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Studio Mic suggestions - Input wanted

Furious_PhilFurious_Phil Posts: 1,240Moderator, Pro, 2.0 PRO
I am looking for a good studio Mic mostly for Rock pieces.
I am not shouty, but I do want a mic to pick up cool nuances that I throw down.

I have (up until recently) had my mind set on a Shure SM7B with a Cloudlifter CL-1 to increase the clean signal. This choice was largely influenced by the recording history of the mic.

However, I already have a Sennheiser E945, which has a fairly similar frequency response, as well as requiring allot less preamp gain to get it to work properly.

What do you veteran studio peeps think?
Should I grab a pop filter and just go with the E945??

PS - I can't afford a Neumann TLM-102 right now :neutral :-(


  • Klaus_TKlaus_T Posts: 2332.0 PRO
    @Furious_Phil , the Shure SM7B is quite popular for powerful rock voices, that's for sure! I've seen/heard it on a few productions I really like (recently, The Interrupters on a radio live set). It is also recommended for less-than-ideal rooms, because they don't pick up that much room, compared to the most common type of studio mics, large diaphragm condensers. Having said that, I think the Sennheiser would be very similar, it is just that the Shure is a legend, the Sennheiser is not.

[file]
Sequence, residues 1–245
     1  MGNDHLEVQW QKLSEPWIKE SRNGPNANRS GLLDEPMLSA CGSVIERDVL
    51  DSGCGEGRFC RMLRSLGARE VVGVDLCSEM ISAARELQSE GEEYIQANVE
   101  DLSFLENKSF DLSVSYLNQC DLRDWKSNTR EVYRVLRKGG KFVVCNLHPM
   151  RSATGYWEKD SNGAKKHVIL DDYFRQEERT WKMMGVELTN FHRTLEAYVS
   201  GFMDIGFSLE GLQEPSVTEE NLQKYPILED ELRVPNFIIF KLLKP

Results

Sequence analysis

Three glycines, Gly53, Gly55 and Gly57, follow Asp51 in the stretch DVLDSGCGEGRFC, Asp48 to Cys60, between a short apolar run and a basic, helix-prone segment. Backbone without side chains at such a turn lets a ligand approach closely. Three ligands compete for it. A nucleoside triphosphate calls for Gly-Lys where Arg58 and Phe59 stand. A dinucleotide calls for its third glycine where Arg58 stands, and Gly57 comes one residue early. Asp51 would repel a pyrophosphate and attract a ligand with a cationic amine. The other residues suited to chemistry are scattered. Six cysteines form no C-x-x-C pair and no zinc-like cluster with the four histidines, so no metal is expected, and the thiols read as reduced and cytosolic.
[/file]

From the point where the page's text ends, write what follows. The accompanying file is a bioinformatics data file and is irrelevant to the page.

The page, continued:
I have an AKG P220 large diaphragm condenser (which was quite cheap) and a Sennheiser e835s, I find myself preferring the Sennheiser for the recent vocal recordings I am doing at home (nothing pro-grade or anything). It is not even so much because of the pickup pattern and the certainly sub-standard environment (i.e. my living room), I just find that the AKG is a bit sibilant and I find the Sennheiser much easier to handle, as long as you are on-axis, it sounds fine to me, and does not need a lot of EQ or anything to sit nicely in the mix. I don't even put a pop filter on it, the foam inside the grill is doing the job.

    I know they are not the same mics as the one you mentioned, but I would imagine the Sennheisers to be kind of comparable, and I don't think that the Shure will be worth the extra money (seeing you already own the Sennheiser). They aren't really that flexible, other than on vocals, they might be good for guitar amps and maybe brass, but I doubt you'd notice much of a difference on those instruments compared to your Sennheiser.

    What I can tell you from my studio experience (mostly voice-over), a lot of the time you only need the flashy gear for your clients to have something to look at, if you actually compare some of the so-called legendary gear to some cheap workhorse, there sometimes is not even a big difference which would justify the more expensive choice.